After a lot of thought I dug out the pair of large wooden shoes that I had bought on impulse in a thrift store several years before. They were packed away accumulating dust while I tried to figure out what to actually do with them. Sturdy, and clearly never worn, they had been inexpensive, costing just a few dollars.

 I sanded the shoes lightly, inside and out; making sure the color of the wood was uniform and removing any marks, smudges, or light soiling.

 I painted a matching Christmas design on each shoe with acrylic paints, using a stencil for the hearts, and an embossing plate (as a stencil) for the holly and berries. I finished with a light protective spray coat of polyurethane. 

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That was twelve years ago and every Christmas the shoes are placed under the Christmas tree, overflowing with candy and small gifts.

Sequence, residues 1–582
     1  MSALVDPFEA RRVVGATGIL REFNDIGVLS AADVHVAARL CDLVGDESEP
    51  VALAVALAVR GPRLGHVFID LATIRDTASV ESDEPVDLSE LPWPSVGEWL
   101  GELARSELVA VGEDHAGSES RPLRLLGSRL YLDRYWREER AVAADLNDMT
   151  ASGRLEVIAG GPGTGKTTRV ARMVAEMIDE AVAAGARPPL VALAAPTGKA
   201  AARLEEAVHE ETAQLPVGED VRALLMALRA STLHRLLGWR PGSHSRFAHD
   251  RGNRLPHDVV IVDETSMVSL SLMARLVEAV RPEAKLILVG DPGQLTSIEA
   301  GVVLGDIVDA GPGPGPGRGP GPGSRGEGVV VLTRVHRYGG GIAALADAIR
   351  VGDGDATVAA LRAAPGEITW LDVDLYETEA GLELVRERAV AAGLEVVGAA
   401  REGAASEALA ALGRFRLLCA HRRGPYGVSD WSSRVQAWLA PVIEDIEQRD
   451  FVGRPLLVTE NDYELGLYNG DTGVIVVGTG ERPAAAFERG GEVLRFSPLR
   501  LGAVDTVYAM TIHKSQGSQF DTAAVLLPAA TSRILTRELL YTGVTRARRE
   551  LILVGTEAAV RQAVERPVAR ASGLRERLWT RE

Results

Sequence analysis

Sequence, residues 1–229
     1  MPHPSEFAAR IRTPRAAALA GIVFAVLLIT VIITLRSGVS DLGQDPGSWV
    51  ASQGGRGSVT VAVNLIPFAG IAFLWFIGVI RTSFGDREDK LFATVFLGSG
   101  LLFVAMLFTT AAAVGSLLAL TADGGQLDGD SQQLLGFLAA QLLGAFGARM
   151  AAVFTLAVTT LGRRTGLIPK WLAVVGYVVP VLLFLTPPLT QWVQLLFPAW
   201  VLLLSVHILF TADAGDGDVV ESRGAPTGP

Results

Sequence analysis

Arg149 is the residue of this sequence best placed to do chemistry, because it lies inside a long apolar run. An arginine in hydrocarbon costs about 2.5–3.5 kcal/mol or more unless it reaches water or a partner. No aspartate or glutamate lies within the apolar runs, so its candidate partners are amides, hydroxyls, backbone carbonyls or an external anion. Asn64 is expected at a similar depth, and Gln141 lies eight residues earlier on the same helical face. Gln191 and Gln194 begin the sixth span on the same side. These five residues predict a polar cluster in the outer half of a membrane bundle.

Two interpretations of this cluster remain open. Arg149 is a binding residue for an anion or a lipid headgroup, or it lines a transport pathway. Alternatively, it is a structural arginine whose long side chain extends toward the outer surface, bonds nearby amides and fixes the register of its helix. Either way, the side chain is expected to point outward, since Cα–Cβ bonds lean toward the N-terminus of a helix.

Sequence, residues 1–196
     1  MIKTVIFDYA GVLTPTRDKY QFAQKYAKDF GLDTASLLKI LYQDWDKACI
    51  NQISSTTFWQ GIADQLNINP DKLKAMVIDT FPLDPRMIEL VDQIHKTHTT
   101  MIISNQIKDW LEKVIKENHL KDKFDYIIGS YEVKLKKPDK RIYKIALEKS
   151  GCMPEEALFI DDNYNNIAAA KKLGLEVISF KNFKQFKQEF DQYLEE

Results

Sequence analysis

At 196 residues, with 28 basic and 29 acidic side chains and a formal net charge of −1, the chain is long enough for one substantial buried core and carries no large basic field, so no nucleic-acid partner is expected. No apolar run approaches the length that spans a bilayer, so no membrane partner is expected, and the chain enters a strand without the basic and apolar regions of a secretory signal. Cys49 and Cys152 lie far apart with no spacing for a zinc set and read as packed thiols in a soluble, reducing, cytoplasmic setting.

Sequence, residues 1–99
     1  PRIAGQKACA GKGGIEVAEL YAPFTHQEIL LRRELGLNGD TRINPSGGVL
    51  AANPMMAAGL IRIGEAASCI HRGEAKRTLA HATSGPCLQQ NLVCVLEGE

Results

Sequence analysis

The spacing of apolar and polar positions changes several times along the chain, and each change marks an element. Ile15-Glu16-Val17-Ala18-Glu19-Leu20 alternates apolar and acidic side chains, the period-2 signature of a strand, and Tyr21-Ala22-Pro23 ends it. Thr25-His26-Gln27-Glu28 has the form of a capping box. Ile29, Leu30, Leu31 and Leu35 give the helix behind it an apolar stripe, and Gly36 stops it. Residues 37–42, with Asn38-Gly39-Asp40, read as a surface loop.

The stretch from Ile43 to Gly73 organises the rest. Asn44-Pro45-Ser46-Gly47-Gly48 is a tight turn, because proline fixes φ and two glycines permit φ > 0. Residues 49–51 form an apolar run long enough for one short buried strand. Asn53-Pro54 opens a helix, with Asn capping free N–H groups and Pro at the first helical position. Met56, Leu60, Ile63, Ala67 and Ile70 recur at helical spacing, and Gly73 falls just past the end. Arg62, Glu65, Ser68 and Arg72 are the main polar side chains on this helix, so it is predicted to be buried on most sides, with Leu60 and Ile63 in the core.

wooden shoes 2Surprisingly, the shoes hold a rather large amount of small items. Not so surprising, is how durable and sturdy they are. When empty of toys they can be lined with paper or parchment and used to display Christmas cookies, candies, or other baked goods. They can also be filled with silk holly leaves and bright red berries.

 For just a few dollars and several hours of labor I was able to create a  unique Christmas memory for my granddaughters while solving the “Santa’s visit on Christmas Eve” problem. The shoes also honor my never-forgotten childhood enchantment with wooden shoes and just in case you’re wondering, my ancestry is Portuguese and Welsh (go figure). It doesn’t matter; you don’t have to be Dutch to appreciate wooden shoes.